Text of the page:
Diggins v Bar Standards Board highlights the issues employers are currently facing when employees use their personal social media accounts to degrade others. A young black female Cambridge University student posted on Twitter that: ‘… a meeting that took place amongst students about the need for the faculty to decolonize its reading lists and incorporate postcolonial thought alongside its existing curriculum …’. D tweeted a response: “Read it. Now; refuse to perform cunnilingus on shrill negroids who will destroy an academic reputation it has taken aeons to build.” The BSB found that D had had committed professional misconduct and the High Court rejected D’s appeal. Ultimately, the question is whether the conduct admitted or proved is likely to undermine trust and confidence in an individual (here a barrister) or the profession [or a business]. That is a question for assessment on the basis of the facts of the individual case. Here. D’s tweet was not a private matter as it had been posted on a social media site available to the world at large, and it was seriously offensive.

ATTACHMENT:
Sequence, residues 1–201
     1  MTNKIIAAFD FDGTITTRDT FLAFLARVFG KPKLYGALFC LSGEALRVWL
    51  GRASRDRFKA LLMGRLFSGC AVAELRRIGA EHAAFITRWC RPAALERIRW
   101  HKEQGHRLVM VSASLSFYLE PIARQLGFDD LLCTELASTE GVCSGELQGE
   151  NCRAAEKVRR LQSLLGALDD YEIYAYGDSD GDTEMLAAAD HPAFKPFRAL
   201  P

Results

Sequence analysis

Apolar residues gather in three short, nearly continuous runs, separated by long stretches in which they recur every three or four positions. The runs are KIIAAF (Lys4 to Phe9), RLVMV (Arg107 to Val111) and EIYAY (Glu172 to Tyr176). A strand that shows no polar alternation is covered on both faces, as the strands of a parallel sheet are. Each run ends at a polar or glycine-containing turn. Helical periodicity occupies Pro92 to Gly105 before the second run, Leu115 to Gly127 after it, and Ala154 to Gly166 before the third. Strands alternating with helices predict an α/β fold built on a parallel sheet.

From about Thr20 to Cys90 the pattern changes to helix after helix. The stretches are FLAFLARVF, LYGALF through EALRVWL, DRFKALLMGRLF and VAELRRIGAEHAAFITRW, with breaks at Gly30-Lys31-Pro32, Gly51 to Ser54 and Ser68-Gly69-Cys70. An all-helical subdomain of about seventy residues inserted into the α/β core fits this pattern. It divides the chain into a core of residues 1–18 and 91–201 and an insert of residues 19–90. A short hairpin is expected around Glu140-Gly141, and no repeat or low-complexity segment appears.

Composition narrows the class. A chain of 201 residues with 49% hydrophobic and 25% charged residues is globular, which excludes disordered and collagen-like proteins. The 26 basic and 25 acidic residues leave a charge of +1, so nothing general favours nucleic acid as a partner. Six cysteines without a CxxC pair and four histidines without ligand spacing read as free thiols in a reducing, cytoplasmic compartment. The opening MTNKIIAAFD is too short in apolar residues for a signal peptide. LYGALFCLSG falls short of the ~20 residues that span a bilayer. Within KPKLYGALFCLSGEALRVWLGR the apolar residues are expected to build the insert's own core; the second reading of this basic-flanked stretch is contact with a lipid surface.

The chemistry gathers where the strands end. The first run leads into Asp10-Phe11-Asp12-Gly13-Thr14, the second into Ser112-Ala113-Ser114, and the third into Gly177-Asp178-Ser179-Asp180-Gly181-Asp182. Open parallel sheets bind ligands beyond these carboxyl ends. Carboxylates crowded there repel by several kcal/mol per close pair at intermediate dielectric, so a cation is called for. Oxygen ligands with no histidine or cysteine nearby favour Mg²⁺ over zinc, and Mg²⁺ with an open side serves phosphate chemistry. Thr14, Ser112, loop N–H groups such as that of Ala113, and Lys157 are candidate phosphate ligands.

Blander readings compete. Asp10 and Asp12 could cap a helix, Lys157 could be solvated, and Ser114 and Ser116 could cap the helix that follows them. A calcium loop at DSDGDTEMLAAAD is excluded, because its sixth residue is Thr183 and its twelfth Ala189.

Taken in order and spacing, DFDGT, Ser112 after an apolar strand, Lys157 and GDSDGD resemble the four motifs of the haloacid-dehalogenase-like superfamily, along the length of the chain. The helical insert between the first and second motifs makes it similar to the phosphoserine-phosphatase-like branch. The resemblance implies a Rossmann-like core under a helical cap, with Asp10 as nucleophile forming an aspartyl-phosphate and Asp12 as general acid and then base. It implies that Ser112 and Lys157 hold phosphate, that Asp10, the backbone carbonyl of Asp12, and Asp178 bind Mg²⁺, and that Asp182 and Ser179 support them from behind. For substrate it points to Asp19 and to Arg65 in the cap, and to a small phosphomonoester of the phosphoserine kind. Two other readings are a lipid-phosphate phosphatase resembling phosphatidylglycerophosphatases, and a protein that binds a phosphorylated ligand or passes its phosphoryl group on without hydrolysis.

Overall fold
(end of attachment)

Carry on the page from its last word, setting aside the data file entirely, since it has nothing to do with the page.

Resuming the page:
Seriously offensive tweet undermined trust in individual and the profession
Article by: Makbool Javaid, Partner - Simons Muirhead & Burton |